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Clyde Bellecourt, longtime Native American activist, has died

Bellecourt passed away Tuesday at his home in Minneapolis. He was 85.

MINNEAPOLIS — A noted civil rights leader and one of the founders of the American Indian Movement (AIM), Clyde Bellecourt, has died.

Bellecourt passed away from cancer Tuesday morning at his home in Minneapolis at the age of 85.

AIM was founded in Minneapolis in 1968 by Bellecourt, Dennis Banks, Russell Means, Eddie Benton-Banai, and George Mitchell. The organization sought to grapple with issues of police brutality and discrimination against Native Americans.

Bellecourt's older brother, Vernon Bellecourt, who passed away in 2007, was also a member of AIM and a nationally recognized Indian activist. 

AIM would lead a string of major national protests in the 1970s, including a 71-day occupation in 1973 of Wounded Knee, South Dakota, to highlight corruption on the reservation and federal injustices against Indians.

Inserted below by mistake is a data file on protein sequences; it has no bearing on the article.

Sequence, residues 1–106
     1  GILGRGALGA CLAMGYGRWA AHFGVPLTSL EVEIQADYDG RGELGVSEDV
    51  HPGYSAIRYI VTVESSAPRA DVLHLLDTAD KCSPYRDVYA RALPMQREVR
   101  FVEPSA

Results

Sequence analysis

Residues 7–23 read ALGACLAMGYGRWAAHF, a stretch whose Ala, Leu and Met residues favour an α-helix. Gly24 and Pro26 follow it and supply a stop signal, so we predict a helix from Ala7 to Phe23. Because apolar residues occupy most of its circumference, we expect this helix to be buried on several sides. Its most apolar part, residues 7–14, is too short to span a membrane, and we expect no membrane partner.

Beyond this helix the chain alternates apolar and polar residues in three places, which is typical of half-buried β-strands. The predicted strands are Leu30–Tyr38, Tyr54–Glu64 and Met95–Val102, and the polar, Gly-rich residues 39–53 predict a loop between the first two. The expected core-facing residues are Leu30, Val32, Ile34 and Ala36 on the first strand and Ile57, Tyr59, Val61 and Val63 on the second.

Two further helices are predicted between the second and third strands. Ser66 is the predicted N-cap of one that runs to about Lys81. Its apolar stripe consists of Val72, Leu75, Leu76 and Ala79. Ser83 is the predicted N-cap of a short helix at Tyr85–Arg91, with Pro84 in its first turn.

Among Clyde Bellecourt's recent passions was coordinating the National Coalition on Racism in Sports and the Media, which targets sports teams who use Native American mascots and names. Bellecourt was a leader in urging teams like the Washington Redskins to stop the practice. 

Credit: KARE

The coalition won a significant victory in 2020, when the Redskins officially became the Washington Football Team following years of protests. 

Following the news of Bellecourt's death, several local and state leaders offered their tributes. 

Governor Tim Walz tweeted:

"Clyde Bellecourt sparked a movement in Minneapolis that spread worldwide. His fight for justice and fairness leaves behind a powerful legacy that will continue to inspire people across our state and nation for generations to come."

Lieutenant Governor Peggy Flanagan tweeted in part, "Indian Country benefited from Clyde Bellecourt's activism - he cleared a path for so many of us."

Minneapolis Police Chief Medaria Arradondo said in a statement:

“I’ve had the honor of knowing Elder Bellecourt for many years. He served dutifully as Co-Chair of the Police Community Relations Council. Most of all I will remember him as a passionate advocate for human rights here in Minneapolis and across the world. He will be greatly missed by many. My thoughts and prayers are with his dear wife Peg and their family tonight. “

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